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FORVM`s Classical Numismatics Discussion Board  |  Numismatic and History Discussions  |  Roman Provincial Coins (Moderators: slokind, jmuona, tjaart)  |  Topic: Gordian Viminacium Sestertius - a contemporary imitation? 0 Members and 1 Guest are viewing this topic. « previous next »
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Author Topic: Gordian Viminacium Sestertius - a contemporary imitation?  (Read 1020 times)
Arminius
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« on: April 05, 2008, 04:31:09 am »

This one shows a rather "barbarous" style:

Viminacium in Moesia Superior, Gordian III., 243-244 AD. (year 5 of the Colonial Era of Viminacium).,
Æ Sestertius (29-30 mm / 18,00 g),
Obv.: IMP GOR[DI]ANVS PIVS FEL AVG , laureate, draped and cuirassed bust of Gordian right, seen from (behind?).
Rev.: P M S C - OL VIM / AN V (in ex.) , Moesia standing facing, head left, extending hands to bull and lion standing at feet on either side.
Pick, AMNG I, 37, 92 ;

same obverse die as SNGuk_0800_0312 see:

http://www.s110120695.websitehome.co.uk/SNG/sng_reply2a.php?verb=SNGuk_0800_0312
 (SNG Vol: VIII 312 Blackburn Museum)

What do you think? A contemporary imitation by a local Balkan mint?

Thanks
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Pscipio
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« Reply #1 on: April 05, 2008, 04:44:13 am »

A rather unusual portrait, but else, the coin looks perfectly fine for Viminacium. Certainly official, I'd say.

Lars
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wandigeaux (1940 - 2010)
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« Reply #2 on: April 05, 2008, 12:21:43 pm »

Official.  George Spradling
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Hwaet!
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leemjvd
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« Reply #3 on: April 05, 2008, 01:08:25 pm »

It absolutely looks OK. I have got quite a few Viminaciums and the problem is that the Yugo Maffia at least 'repatinates' them,. I put that between quotes  because I think they just put shoepolish on them :-) . The quality I have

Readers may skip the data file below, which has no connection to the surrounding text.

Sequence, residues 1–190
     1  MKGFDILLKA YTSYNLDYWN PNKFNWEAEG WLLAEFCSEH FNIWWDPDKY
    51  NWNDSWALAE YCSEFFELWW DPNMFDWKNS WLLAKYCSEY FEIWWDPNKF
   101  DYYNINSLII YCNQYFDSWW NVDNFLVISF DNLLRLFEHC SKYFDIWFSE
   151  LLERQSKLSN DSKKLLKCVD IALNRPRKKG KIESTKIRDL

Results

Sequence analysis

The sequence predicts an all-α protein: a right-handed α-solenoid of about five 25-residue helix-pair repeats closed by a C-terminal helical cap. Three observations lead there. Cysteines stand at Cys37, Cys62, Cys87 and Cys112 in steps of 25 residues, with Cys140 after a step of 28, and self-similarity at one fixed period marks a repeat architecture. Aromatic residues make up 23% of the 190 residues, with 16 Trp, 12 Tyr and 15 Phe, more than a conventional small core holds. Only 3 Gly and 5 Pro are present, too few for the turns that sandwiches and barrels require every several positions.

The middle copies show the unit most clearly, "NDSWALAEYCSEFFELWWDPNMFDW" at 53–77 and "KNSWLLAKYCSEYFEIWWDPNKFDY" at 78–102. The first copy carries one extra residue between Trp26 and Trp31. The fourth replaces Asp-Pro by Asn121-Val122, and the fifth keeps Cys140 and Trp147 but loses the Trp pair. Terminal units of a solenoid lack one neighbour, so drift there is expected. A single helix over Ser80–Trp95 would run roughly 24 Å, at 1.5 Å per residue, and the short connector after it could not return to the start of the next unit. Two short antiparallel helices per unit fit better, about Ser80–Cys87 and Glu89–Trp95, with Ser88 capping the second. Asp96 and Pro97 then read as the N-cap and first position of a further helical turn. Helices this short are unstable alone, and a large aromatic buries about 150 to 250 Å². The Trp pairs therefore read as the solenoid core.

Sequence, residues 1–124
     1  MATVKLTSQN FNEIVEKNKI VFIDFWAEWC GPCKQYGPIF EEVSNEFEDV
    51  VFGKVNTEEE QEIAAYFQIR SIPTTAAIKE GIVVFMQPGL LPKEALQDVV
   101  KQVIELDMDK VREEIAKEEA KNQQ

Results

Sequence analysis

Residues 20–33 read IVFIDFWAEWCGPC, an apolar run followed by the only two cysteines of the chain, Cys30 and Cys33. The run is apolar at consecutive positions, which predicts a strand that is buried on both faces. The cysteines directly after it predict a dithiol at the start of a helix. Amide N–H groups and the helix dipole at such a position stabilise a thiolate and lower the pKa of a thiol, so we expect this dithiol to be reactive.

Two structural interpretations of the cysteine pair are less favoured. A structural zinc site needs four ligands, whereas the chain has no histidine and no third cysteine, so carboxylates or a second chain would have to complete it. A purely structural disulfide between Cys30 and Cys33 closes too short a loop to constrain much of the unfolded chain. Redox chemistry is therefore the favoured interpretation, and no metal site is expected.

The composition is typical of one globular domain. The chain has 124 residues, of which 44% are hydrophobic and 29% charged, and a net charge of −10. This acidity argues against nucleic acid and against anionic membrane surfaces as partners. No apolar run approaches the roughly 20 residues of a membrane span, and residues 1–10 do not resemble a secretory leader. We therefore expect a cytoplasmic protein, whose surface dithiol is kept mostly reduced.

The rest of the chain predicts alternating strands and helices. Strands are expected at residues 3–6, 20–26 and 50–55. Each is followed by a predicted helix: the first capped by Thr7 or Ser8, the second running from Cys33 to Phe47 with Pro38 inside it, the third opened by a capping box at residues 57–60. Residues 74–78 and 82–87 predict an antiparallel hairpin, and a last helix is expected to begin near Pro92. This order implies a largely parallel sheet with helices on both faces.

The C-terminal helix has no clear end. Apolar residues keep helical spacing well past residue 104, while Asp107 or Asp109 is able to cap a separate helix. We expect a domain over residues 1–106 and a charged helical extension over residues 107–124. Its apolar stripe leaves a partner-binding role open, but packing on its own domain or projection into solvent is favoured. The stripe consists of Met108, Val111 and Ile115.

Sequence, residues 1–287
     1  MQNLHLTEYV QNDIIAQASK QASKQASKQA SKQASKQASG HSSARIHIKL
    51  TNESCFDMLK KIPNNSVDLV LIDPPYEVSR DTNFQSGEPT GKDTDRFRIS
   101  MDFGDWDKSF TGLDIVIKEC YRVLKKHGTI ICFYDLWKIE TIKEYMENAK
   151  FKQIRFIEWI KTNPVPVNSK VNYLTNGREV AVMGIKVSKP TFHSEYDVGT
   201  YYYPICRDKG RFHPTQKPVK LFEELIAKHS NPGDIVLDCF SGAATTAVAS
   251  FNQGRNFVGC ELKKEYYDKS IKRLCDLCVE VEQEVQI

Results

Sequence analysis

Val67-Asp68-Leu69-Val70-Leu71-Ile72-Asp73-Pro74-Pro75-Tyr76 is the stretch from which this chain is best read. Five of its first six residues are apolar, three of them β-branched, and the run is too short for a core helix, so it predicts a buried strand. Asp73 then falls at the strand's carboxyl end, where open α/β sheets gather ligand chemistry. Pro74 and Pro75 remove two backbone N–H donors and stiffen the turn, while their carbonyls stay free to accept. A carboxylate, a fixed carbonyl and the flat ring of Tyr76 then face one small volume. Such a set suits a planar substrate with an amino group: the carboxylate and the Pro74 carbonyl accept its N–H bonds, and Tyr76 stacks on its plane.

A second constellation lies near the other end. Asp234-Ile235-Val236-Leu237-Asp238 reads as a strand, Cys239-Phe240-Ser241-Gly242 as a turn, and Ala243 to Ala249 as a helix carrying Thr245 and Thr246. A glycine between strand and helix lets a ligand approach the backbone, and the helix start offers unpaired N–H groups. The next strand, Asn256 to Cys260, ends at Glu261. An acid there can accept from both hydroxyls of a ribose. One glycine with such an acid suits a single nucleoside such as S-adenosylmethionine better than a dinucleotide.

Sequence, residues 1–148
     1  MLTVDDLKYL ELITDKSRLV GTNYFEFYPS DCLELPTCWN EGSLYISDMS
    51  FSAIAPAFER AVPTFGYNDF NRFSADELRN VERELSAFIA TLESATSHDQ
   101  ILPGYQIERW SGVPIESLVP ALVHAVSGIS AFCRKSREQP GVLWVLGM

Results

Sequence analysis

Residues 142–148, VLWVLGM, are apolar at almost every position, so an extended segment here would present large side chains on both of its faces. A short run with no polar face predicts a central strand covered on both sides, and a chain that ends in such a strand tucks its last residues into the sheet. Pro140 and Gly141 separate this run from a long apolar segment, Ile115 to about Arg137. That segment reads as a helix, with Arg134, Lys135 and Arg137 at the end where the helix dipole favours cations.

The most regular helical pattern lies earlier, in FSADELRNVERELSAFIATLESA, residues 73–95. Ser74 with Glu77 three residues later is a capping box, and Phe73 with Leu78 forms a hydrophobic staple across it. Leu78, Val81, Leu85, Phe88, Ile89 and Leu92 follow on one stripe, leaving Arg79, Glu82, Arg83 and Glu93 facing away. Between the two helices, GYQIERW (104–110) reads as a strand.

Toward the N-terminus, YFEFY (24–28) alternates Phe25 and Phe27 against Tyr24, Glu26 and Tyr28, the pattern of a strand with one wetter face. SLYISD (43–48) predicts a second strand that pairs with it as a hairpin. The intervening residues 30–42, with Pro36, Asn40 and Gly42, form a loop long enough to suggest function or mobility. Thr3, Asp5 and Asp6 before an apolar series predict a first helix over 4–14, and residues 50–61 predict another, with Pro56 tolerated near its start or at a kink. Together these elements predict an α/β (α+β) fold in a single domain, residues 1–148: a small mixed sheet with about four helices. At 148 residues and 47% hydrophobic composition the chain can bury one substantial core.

http://www.mimala.nl/micoi/-05th/startpage/starters-prov-cb.html#Vimi

is certainly low. Faces tend to be OK and follow the 'rules' of changing a bit with the reign. All early coins are thick and legend should be in line (later ones tend to get sloppy).  I agree the face of yr coin is a bit hohum but may have been retooled. Sometimes they come out of the earth with a thick -real tough ! - crust on them. 

I tend to agree with the other gents. Dont lose sleep over it :-)

Greetz
Michael van der Lee
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scottatlaw
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« Reply #4 on: April 07, 2008, 09:42:56 am »

Nope, yours is official.  Its a year 3 Sestertius and these coins were all over the place when it comes to style of the portrait.  Some specimens were absoluetly gorgeous, and others look like yours.  Smiley  While it does look tooled, I believe you coin has not been and is entirely original, that is simply how this coin was "supposed" to look.
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Arminius
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« Reply #5 on: April 07, 2008, 03:21:28 pm »

Except for the small damage at the reverse exergue and some highest spots the coin is as found after resting in the soil for (1700 + x) years.
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scottatlaw
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« Reply #6 on: April 08, 2008, 07:31:31 am »

Just to clarify what I said:  I wasn't saying it was tooled, rather, the style of these coins (at least for my eyes) is that they APPEAR to have been tooled.  I agree that the details of this coin's design are 100% "original".

Honestly, I'm at a bit of a loss as to why Viminacium's coins sometimes look like this in year 3 and parts of early year 4.  We know they had some highly skilled celators in year 2:

http://www.tantaluscoins.com/coins/28887.php

And in year 4 too:

http://www.tantaluscoins.com/coins/25002.php

Don't get me wrong, there are some good looking year 3's out there, but the style displayed on your coin is pretty typical.

I guess they they were short handed or something and let an apprentices cut a few dies.

Scott S.
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